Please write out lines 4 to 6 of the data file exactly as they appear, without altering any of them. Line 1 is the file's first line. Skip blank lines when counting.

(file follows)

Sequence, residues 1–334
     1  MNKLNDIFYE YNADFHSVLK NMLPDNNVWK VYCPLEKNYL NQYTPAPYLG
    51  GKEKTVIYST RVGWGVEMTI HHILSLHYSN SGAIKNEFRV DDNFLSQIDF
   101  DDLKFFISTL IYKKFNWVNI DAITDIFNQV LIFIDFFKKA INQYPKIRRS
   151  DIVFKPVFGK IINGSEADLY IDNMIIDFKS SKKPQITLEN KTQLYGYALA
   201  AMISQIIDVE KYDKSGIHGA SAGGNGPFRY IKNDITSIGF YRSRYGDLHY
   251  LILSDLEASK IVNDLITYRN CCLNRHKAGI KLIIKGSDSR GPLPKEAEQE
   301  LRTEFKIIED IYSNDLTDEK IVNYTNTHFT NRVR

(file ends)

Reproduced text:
   101  DDLKFFISTL IYKKFNWVNI DAITDIFNQV LIFIDFFKKA INQYPKIRRS
   151  DIVFKPVFGK IINGSEADLY IDNMIIDFKS SKKPQITLEN KTQLYGYALA
   201  AMISQIIDVE KYDKSGIHGA SAGGNGPFRY IKNDITSIGF YRSRYGDLHY